And the Internet Went Wild: Social Psychological and Social Conflict Functions of the Vaccine Debate

Student Author(s)

Ethan Gibbons

Faculty Mentor(s)

Dr. Pamela Koch

Document Type


Event Date



The introduction of vaccines has been hailed by the medical field as one of the biggest public health victories of human history. Despite greatly declining rates of vaccine-preventable diseases, there is a growing movement against vaccinations. A growing number of parents are choosing to forego vaccines for their children altogether or to determine their own schedule of vaccines in lieu of what is recommended. This issue has sparked an incredible amount of polarization and conflict. The Internet has become a battleground for this conflict. Parenting forums have become places for both pro and anti-vaccine individuals to go to receive support as well as to refute the ideas of the other. The present research uses data collected from online vaccinations debate forums to find evidence of Coser’s Theory and several social psychological phenomena including Social Identity Theory, confirmation bias, the Dunning-Kruger Effect, and collective hysteria. This research shows the transference of these theories into the online world and may be used in the future to find solutions to the current conflict.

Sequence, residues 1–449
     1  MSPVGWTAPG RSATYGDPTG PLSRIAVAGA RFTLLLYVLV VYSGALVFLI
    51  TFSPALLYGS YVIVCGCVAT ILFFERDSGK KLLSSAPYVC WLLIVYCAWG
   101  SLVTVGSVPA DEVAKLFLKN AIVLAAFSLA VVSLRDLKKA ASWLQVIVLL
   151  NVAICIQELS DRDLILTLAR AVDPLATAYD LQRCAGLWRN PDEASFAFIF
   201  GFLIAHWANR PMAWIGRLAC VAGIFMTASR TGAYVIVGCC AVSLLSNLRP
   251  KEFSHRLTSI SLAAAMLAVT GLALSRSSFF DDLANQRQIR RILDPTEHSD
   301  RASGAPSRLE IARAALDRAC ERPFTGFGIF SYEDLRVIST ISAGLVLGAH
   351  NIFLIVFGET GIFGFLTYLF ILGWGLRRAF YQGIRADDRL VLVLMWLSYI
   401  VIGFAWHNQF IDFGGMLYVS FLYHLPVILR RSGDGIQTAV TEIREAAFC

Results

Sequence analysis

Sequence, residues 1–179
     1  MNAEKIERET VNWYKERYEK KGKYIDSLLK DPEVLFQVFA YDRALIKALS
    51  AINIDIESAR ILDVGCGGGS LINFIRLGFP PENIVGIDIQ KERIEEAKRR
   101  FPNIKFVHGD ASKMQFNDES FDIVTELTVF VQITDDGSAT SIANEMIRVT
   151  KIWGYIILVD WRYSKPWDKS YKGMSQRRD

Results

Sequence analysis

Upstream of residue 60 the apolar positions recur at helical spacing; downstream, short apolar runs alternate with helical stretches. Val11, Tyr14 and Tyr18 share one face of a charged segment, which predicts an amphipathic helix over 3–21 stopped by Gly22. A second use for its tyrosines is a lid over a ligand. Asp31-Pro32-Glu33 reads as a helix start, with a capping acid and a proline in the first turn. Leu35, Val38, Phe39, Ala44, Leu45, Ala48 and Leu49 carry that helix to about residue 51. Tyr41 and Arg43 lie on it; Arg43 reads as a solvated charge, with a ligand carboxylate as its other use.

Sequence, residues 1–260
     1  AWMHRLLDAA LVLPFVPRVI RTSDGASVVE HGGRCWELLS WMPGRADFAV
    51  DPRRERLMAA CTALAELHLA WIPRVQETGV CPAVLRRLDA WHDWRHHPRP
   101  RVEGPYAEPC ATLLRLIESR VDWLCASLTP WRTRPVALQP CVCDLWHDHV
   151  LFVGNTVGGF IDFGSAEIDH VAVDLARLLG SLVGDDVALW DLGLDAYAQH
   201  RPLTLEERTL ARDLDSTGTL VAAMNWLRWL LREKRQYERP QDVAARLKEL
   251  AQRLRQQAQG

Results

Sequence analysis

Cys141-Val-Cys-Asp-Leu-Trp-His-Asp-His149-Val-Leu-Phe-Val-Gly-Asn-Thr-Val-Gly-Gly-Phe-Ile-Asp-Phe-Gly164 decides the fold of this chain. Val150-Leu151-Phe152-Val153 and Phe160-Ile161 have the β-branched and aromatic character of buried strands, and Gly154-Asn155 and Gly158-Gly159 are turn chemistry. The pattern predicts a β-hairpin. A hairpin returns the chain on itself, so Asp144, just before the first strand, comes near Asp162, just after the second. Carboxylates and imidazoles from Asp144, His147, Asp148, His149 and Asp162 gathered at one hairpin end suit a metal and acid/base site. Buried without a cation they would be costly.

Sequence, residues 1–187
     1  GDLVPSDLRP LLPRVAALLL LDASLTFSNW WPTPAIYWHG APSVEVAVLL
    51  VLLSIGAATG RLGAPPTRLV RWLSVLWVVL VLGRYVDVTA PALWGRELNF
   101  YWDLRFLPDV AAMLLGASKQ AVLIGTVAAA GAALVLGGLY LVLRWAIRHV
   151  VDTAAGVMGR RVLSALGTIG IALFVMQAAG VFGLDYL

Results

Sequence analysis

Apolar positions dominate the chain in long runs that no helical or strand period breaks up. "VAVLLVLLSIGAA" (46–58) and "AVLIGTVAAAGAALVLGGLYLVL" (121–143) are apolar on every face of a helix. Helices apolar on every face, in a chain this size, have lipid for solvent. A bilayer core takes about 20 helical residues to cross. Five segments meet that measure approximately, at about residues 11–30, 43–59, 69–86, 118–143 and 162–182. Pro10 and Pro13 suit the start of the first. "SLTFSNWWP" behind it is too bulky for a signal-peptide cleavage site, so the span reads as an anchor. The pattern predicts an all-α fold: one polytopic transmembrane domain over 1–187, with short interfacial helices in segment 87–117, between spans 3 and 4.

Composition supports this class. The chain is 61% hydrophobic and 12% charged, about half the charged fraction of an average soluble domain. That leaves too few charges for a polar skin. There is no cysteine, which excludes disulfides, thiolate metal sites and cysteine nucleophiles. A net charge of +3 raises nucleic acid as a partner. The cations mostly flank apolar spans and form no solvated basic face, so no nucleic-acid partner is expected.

This research was sponsored by support from a Jaconb E. Nyenhuis Student/Faculty Collaborative Research Grant.

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